The Optimist's Daughter
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The Optimist's Daughter is a Pulitzer Prize for Fiction-winning short novel by Eudora Welty. It was first published as a long story in the The New Yorker in March 1969 and was subsequently revised and published in book form in 1972. It concerns a woman named Laurel, who travels to New Orleans to take care of her father, Judge McKelva, after he has surgery for a detached retina. Judge McKelva fails to recover from this surgery, and as he dies slowly in the hospital, Laurel visits and reads to him from Dickens. Her father's second wife, Fay, who is younger than Laurel, is a shrewish outsider from Texas. Her shrill response to the Judge's illness appears to accelerate his demise. Laurel and Fay are thrown together when they return the Judge to his hometown, Mount Salus, Mississippi, where he will be buried. There, Laurel is immersed in the good neighborliness of the friends and family she knew before marrying and moving away to Chicago. Fay, though, has always been unwelcome and leaves for a long weekend, leaving Laurel in the big house full of memories. Laurel encounters her mother's memory, her father's life after he lost his first wife, and the complex emotions surrounding her loss as well as the many memories. She comes to a place of understanding that Fay can never share, and she leaves small town Mississippi with the memories she can carry with her.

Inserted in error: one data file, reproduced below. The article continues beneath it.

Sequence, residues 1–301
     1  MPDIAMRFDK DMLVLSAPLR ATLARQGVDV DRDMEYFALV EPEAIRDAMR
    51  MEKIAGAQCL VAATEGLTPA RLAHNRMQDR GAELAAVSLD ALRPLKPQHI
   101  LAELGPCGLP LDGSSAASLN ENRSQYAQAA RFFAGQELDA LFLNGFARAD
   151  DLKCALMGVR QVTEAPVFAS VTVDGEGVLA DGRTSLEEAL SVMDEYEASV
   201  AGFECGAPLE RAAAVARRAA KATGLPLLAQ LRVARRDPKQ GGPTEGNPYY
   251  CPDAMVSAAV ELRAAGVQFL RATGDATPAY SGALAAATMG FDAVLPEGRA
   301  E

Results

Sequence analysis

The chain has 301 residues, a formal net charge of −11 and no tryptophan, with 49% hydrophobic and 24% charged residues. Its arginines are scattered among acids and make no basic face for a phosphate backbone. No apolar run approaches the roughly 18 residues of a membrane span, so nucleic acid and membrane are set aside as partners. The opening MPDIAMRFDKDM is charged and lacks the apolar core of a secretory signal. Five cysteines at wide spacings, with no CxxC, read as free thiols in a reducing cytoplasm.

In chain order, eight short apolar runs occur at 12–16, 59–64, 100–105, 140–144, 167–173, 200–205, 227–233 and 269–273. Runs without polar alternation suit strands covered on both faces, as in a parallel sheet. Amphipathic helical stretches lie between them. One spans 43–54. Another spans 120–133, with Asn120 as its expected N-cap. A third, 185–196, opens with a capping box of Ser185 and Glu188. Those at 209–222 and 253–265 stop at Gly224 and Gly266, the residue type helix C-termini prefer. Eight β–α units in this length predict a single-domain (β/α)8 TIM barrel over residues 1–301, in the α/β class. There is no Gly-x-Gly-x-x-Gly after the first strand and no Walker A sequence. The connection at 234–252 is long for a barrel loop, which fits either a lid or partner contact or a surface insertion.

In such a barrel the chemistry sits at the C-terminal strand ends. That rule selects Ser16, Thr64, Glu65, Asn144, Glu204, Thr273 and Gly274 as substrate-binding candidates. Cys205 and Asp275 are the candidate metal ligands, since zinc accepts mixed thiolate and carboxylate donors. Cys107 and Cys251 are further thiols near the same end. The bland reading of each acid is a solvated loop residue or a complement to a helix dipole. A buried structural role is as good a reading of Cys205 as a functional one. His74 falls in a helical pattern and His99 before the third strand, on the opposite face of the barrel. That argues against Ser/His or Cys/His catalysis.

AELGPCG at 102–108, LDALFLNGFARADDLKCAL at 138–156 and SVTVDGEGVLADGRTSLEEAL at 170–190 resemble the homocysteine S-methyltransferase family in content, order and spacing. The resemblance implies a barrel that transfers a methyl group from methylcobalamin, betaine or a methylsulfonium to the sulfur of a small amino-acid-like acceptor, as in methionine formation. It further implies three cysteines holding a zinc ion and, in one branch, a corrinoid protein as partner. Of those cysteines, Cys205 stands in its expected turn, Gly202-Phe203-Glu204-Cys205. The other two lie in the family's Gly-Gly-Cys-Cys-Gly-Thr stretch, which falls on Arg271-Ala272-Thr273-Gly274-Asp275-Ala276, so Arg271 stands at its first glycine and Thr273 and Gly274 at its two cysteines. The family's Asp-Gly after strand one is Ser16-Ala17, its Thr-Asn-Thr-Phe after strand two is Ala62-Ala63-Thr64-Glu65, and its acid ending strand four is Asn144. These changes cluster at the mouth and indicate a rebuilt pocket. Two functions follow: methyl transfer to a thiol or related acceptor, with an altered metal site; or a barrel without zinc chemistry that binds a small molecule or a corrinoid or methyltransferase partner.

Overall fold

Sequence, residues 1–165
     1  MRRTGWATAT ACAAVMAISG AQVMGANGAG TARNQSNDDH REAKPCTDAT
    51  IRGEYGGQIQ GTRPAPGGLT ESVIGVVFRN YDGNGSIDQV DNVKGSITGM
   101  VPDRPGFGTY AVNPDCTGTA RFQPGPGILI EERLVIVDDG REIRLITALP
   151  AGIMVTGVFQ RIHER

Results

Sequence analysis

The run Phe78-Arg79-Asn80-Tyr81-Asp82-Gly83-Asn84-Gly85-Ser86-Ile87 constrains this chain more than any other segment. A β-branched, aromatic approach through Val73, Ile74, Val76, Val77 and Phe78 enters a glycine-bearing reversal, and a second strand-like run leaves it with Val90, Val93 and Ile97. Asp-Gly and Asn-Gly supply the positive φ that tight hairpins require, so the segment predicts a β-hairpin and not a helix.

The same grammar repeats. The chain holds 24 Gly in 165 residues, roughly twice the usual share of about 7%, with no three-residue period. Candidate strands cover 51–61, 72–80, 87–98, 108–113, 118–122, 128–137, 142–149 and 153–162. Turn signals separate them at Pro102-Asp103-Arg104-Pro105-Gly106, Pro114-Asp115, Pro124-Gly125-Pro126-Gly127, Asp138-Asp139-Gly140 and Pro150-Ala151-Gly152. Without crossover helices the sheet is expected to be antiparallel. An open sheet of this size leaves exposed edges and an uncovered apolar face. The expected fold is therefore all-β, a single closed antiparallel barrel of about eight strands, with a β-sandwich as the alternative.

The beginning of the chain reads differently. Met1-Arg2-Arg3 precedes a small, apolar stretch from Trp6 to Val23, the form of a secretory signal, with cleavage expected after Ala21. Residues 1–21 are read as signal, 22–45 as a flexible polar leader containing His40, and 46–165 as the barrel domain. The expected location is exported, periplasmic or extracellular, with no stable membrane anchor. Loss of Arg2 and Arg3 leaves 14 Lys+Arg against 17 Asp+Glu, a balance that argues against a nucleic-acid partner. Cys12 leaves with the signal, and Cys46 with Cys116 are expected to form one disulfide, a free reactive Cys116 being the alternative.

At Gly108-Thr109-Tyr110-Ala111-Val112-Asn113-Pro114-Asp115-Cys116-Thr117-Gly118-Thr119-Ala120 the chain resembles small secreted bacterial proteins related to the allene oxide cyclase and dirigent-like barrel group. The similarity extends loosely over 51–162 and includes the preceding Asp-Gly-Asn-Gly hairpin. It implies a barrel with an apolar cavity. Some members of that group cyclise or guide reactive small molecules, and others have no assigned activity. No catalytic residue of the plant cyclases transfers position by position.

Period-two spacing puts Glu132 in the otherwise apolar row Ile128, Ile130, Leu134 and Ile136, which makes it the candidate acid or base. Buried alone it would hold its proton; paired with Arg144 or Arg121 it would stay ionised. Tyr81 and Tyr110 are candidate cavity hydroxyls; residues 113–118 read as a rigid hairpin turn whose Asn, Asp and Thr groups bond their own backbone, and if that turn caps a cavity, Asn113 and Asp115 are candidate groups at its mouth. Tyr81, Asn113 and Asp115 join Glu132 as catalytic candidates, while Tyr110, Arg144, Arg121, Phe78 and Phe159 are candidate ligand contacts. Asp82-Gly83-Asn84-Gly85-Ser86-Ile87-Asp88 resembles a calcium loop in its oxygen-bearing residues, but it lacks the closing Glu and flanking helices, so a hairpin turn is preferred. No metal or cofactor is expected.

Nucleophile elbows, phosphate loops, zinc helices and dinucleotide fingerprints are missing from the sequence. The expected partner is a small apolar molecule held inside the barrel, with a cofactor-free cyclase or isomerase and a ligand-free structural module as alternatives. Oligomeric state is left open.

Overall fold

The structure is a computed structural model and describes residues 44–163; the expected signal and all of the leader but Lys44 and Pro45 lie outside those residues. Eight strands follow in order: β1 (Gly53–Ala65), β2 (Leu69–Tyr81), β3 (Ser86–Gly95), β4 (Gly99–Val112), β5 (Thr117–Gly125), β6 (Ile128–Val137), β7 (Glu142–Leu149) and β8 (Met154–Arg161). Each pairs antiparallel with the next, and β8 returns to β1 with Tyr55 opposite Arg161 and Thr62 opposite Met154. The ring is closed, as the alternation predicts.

Laurel Hand, the main character, travels to New Orleans from her home in Chicago to assist her aging father as a family friend and doctor operates on his eye. Laurel's father remains in the hospital for recovery for several months. During this time, Laurel begins to get to know her outsider stepmother better, as she rarely visited her father since the two were married. Fay begins to show her true self as the judge's condition worsens. To the distress of all who knew him, the judge dies after his wife throws a violently emotional fit in the hospital and confesses to cheating and interest in his money.
The two women travel back to the judge's home in Mount Salus, Mississippi for the funeral and are received by close friends of the family. Here, Laurel finds love and friendship in a community which she left after childhood. The warmth of the town clashes with Fay's dissenting and antagonistic personality. Fay, a woman from Texas who claimed to have no family other than her husband, is soon confronted by her past as her mother, siblings, and other members of her family show up to her house to attend the funeral. Though Laurel confronts Fay as to the reason why she lied, Laurel cannot help but feel anything except pity for the lonely, sullen woman. Directly after her husband's funeral, Fay leaves to go back home to Madrid, Texas with her family.
After her distraught and immature stepmother leaves, Laurel finally has time to herself in the house where she was raised, with the friends and neighbors she knew since childhood. During the few days she remains, Laurel digs through the past as she goes through the house, remembering her deceased parents and the life she had before she left Mount Salus. She rediscovers the life of friendship and love that she left behind so many years ago, along with heartache.
Her visit to her hometown and the memories of her parents open up a new insight on life for Laurel. She leaves Mount Salus with a new understanding of life and the factors which influence it the most—friends and family. But most prominently, she gains a new understanding and respect for herself.